There are those among us who never bother themselves with the grand philosophical, moral, or ethical questions of life and just do whatever the hell they want: right and wrong be damned. And then, there are many of us, who find ourselves bruised and bloodied at the bottom of a chasm into which we fell after we failed inadvertently stepped upon a slippery slope. In today's BrokeAndBroker.com Blog, we consider a Wall Street regulatory settlement in which a stockbroker did something wrong by impersonating three of his customers, but we are perplexed when deciding whether the best regulatory response is to punish the wrongdoer or to preemptively address an ongoing source of trouble. Consider this a thought-piece.
Case In Point
For the purpose of proposing a settlement of rule violations alleged by the Financial Industry Regulatory Authority ("FINRA"), without admitting or denying the findings, prior to a regulatory hearing, and without an adjudication of any issue, Aleksandr Yusupov submitted a Letter of Acceptance, Waiver and Consent ("AWC"), which FINRA accepted. In the Matter of Aleksandr Yusupov, Respondent (AWC 2015044388101, February 8, 2016).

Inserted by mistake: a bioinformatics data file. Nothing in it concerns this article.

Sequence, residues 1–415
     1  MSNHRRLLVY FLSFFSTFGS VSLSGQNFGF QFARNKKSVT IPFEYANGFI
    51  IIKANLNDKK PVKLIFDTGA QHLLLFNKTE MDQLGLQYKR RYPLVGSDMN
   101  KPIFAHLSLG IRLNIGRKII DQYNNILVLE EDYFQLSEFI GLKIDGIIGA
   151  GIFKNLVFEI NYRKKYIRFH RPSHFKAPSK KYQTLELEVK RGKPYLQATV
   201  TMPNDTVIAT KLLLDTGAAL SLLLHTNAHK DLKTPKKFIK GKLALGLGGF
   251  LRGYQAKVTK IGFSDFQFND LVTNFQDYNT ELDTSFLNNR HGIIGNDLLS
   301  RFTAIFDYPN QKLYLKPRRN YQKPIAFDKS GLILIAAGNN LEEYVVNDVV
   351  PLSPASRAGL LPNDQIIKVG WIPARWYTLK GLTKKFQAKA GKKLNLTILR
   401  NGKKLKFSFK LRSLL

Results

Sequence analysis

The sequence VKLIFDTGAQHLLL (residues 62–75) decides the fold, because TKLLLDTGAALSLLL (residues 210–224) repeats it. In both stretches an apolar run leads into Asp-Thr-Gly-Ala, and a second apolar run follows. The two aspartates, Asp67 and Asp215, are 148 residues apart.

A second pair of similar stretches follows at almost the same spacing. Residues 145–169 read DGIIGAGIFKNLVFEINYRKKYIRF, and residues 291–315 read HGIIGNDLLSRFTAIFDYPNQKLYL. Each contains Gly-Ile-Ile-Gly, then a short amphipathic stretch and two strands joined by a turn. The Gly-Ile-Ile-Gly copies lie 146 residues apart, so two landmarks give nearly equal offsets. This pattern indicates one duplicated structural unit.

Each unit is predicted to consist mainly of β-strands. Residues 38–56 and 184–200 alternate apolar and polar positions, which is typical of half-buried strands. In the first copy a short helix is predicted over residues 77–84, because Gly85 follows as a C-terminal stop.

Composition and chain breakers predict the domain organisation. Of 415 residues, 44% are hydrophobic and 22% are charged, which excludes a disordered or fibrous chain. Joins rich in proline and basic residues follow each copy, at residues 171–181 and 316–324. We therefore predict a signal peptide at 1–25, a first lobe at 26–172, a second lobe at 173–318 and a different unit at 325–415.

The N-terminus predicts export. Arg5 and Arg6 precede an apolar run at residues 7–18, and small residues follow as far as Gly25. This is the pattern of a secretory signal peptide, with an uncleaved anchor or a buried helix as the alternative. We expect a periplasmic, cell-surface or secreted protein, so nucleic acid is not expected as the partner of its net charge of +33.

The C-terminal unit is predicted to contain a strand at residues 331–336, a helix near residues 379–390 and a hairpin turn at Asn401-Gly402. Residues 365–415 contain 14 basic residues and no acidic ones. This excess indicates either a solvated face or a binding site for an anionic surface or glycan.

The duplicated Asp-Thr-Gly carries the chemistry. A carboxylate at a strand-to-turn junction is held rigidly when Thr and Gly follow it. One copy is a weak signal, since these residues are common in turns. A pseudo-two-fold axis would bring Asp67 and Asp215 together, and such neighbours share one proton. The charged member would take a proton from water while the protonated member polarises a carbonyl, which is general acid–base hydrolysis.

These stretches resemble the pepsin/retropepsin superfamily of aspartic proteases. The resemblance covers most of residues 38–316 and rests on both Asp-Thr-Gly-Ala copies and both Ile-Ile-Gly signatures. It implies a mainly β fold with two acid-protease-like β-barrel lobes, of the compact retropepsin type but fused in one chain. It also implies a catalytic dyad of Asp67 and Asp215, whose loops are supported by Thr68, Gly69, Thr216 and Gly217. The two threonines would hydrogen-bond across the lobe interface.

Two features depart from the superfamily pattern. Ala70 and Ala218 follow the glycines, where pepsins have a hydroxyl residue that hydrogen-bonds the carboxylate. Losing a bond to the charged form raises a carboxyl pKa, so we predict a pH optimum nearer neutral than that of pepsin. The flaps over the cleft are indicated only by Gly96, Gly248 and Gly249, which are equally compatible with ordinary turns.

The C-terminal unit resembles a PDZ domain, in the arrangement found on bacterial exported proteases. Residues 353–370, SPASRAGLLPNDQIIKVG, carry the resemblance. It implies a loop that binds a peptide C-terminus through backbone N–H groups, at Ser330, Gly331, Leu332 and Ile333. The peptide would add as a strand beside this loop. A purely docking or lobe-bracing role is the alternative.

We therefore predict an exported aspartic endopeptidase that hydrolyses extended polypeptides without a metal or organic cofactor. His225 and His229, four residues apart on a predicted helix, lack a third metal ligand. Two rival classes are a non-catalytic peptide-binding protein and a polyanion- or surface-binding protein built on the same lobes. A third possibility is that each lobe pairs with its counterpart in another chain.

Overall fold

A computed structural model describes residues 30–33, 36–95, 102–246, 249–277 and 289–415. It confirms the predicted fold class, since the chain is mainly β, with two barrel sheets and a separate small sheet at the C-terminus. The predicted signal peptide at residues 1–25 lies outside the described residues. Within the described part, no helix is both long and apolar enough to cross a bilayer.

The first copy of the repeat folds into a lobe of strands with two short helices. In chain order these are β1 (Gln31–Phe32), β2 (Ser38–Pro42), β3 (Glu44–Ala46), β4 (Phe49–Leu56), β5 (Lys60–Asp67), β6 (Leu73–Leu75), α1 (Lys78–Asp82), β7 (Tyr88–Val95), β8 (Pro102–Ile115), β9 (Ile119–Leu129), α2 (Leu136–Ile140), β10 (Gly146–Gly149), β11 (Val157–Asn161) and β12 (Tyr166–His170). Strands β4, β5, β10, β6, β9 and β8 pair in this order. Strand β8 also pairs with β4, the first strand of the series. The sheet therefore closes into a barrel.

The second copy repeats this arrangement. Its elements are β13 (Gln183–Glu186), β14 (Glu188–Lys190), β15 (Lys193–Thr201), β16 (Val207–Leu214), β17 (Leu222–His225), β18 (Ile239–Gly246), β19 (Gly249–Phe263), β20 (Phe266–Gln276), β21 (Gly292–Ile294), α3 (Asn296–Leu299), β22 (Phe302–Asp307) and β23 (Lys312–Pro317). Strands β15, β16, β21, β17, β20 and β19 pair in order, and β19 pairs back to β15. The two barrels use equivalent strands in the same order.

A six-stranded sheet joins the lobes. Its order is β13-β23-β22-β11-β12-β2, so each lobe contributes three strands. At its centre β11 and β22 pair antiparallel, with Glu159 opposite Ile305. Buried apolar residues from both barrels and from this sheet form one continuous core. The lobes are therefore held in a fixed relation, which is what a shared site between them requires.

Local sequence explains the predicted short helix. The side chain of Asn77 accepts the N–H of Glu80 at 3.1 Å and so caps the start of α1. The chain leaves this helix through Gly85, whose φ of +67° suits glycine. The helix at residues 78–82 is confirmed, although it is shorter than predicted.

In 1997, Yusupov was first registered and by April 2009 was associated with FINRA member firm Pruco Securities, LLC., where he remained until January 2015. The AWC asserts that Yusupov had no prior disciplinary history with the Securities and Exchange Commission, FINRA, any other self-regulatory organization or any state securities regulator.
What's Your Impression?
The AWC asserts that during telephone calls on November 6 and 14, 2013, and July 28, 2014, Yusupov impersonated three of his relatives. As characterized in the AWC, the impersonations were undertaken by Yusupov on behalf of his relatives: